Viral media governed by Game Theory?

Paul Raven @ 08-11-2010

We talk a lot about the “viral” way in which trends and topics spread around the intermatubez; it’s a useful metaphor because it’s one we have a precedent for. But as with with most things, it’s not quite so simple as all that; Ars Technica reports on research that shows meme transmission can be modelled pretty successfully by the confusing (yet surprisingly ubiquitous) principles of Game Theory:

The popularity growth of things like websites or gadgets is often described as being similar to an epidemic: a network with a lot of connections between people increases exposure and then adoption, as do links stretching between dissimilar groups. When the trend in question spreads to a node with a lot of connections (like a celebrity), its popularity explodes. While this is fitting for some cases, in others it’s an oversimplification—a person’s exposure to a trend doesn’t always guarantee they will adopt it and pass it on.

It is not only the intrinsic value of a new technology (or other types of innovation) that makes it attractive. It is also the number of friends who have adopted it,” Amin Saberi, one of the authors, told Ars. In instances where there is incentive to make the same decision as people around you, the authors of the paper argue, the spread of innovations may instead follow rules of game theory, which differ in big ways from the rules of viral or epidemic trends.

[…]

The model seems to apply less to individual pieces of content, where simple exposure is enough to create huge growth. On the other hand, it could explain, for instance, loyalty to sites that distribute that content, like Digg and Reddit, or to particular genres of memes. The authors say it also crops up in choices that influence social connections, like the choice between voting Republican or Democratic, or to adoption of technology, like choosing between Verizon and AT&T.

Dr. Saberi gave the following example: “the reason I am using Facebook as opposed to another social network is not just its quality… it is also because I have a lot of friends who are using it”; he notes this could also apply to operating systems. Likewise, while there are many reasons to choose one cell phone carrier or another, features like free calls or texts within a network can influence a group of friends to migrate to the same network as each other.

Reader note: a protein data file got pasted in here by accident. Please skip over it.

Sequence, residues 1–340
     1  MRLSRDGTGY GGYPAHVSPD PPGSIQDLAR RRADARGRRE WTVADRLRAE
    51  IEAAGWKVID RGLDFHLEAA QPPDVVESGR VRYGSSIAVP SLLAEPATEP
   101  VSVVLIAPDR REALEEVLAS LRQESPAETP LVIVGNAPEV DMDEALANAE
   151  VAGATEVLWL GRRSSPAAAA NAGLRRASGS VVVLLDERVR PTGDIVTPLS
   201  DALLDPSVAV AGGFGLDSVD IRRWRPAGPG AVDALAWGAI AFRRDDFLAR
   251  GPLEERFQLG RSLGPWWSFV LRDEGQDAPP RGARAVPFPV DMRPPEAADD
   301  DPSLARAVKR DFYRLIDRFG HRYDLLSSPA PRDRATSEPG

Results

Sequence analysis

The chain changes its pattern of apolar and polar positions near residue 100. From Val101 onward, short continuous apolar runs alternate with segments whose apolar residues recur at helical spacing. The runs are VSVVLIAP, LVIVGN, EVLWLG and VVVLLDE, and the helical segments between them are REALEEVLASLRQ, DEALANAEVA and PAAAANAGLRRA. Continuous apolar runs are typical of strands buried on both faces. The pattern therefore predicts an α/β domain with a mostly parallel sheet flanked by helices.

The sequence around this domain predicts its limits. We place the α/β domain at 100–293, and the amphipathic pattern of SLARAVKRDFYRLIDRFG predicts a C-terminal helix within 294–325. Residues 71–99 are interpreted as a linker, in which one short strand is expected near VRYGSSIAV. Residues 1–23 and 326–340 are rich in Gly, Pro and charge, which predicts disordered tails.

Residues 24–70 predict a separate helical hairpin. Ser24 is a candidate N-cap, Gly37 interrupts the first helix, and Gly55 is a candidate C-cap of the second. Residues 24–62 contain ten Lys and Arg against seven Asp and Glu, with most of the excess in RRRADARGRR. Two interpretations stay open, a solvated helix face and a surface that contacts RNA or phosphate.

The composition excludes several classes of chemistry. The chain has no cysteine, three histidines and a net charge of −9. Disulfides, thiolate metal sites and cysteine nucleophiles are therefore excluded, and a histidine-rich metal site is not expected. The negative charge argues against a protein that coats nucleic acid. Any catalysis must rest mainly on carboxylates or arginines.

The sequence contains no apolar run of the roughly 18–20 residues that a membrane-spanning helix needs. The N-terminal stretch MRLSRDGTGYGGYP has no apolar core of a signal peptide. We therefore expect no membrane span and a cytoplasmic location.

Far from a complete explanation, then, but still an insight into the complexity of emergent behaviours at societal levels.


Games and economic misbehaviour

Tom James @ 03-08-2009

wolfram_fractalsGeorge Dyson has an excellent and compelling essay on game theory, economics, information theory, computer science, banking, finance, technology, and John von Neumann:

We are surrounded by codes (some Turing-universal) that make copies of themselves, and by physical machines that spawn virtual machines that in turn spawn demand for more physical machines. Some digital sequences code for spreadsheets, some code for music, some code for operating systems, some code for sprawling, metazoan search engines, some code for proteins, some code for the gears used in numerically-controlled gear-cutting machines, and, increasingly, some code for DNA belonging to individuals who serve as custodians and creators of more code. “It is easier to write a new code than to understand an old one,” von Neumann warned.

The monograph over on Edge discusses von Neumann’s intellectual antecendants and the development of game theory and statistical modelling. It also includes some interesting commentary on our recent economic difficulties. Definitely worth a read.

[image from kevindooley on flickr]